It is also not entirely clear on what basis the district court decided that the restitution is due in full at the end of the defendant's three-year supervision period. For obvious reasons, the defendant is unlikely at best to be able to pay at that time what will by then probably be in excess of $400,000. We therefore also direct the district court on remand to reconsider the date on which restitution is due in full and for it to explain on the record the reason for selecting that date.
For the foregoing reasons, the defendant's restitution order is vacated, and the case is remanded for re-sentencing.
1. Although the defendant in her brief also challenged the district court's choice not to grant her a downward departure for extraordinary family circumstances, the parties agreed at oral argument that this issue is moot because the defendant has already served her term of incarceration.
2. That statute provides:Upon determination of the amount of restitution owed to each victim, the court shall ․ specify in the restitution order the manner in which, and the schedule according to which, the restitution is to be paid, in consideration of-(A) the financial resources and other assets of the defendant, including whether any of these assets are jointly controlled;(B) projected earnings and other income of the defendant; and(C) any financial obligations of the defendant; including obligations to dependents.18 U.S.C. § 3664(f)(2).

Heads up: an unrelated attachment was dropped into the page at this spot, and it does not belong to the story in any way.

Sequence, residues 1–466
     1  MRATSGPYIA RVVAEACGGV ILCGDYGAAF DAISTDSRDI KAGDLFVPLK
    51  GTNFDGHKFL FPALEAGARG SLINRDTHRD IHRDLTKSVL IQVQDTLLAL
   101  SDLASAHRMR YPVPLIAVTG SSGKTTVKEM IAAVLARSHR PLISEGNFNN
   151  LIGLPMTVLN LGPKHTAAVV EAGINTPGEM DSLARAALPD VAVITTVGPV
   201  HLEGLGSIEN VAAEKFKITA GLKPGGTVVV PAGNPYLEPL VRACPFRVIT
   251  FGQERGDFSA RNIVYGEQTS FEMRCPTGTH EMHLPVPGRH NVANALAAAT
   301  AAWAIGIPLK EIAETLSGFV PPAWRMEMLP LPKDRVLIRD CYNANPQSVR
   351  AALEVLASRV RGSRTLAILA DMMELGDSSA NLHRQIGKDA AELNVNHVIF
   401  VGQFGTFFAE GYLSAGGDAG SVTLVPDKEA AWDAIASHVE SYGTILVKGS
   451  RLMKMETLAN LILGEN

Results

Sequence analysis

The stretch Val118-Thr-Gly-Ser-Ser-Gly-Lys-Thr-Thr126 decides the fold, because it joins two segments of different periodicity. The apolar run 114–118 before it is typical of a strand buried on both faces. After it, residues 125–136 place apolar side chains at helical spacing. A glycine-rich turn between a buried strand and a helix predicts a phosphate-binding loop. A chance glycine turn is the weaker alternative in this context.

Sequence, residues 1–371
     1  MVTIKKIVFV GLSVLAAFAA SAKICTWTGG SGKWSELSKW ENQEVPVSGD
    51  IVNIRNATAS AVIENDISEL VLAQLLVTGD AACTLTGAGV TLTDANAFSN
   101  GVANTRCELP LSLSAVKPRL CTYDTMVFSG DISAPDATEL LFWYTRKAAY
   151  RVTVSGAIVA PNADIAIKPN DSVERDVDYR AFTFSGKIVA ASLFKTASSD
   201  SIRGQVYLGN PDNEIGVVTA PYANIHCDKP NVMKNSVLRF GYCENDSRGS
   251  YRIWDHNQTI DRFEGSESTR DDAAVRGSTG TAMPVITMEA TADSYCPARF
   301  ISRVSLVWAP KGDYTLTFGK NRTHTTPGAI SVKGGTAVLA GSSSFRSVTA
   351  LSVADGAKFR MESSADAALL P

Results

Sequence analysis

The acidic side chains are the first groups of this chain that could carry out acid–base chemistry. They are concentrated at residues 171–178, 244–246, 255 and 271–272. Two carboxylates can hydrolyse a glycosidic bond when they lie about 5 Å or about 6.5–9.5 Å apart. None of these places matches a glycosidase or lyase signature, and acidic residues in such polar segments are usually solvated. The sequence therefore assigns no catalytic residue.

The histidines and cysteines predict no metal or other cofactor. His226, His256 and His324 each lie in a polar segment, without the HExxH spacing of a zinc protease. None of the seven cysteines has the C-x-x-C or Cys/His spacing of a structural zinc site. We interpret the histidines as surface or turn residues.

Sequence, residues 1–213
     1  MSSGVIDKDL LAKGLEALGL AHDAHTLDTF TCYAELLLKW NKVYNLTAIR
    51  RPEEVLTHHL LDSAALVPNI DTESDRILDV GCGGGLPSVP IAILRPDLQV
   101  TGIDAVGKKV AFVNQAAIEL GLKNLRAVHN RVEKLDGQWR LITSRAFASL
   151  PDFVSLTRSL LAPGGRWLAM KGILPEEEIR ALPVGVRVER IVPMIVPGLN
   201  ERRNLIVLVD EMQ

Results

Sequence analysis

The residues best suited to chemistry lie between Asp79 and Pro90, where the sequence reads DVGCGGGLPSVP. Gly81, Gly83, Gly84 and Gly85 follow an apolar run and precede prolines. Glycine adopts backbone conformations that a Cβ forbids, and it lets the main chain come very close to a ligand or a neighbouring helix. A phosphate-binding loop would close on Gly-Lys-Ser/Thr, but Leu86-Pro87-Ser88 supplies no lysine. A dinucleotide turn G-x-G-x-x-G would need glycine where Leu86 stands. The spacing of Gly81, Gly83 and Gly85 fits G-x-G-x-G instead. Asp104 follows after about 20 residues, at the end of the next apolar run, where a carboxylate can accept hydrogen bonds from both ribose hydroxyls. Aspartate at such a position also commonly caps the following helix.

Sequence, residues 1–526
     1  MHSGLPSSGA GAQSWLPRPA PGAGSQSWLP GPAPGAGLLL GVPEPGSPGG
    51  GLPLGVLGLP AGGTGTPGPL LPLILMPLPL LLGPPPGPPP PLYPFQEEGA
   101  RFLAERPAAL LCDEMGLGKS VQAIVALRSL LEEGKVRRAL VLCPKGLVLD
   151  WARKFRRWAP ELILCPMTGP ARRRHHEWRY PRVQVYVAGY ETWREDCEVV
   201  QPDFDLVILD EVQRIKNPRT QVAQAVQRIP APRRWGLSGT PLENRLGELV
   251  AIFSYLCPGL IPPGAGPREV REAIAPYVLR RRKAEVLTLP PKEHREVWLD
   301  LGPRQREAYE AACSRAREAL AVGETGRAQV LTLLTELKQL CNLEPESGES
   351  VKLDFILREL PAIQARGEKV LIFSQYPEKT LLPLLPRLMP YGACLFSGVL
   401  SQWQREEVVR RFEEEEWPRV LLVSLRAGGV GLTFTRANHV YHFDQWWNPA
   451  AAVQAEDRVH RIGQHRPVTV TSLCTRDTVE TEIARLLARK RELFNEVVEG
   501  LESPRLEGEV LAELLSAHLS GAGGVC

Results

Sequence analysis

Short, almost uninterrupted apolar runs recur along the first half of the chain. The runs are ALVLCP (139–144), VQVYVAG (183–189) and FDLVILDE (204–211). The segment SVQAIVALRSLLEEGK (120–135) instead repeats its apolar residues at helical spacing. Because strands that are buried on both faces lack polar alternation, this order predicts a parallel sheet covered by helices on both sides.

3. Congress's passage of the Mandatory Victim Restitution Act in 1996 has introduced a touch of confusion into our caselaw. In Porter we cited to § 3664(a), see 90 F.3d at 67, the provisions of which were amended by the act. We have held, however, that the standard of review applicable to pre 1996 § 3664(a) is the same as that applied to the current § 3664(f)(2). United States v. Kinlock, 174 F.3d 297, 300 n. 2 (2d Cir.1999). This is true even though Kinlock identifies § 3664(f)(2) as “18 U.S.C. § 3664(a)(1)(B)(2),” a provision that appears technically not to exist. See Kinlock, 174 F.3d at 299.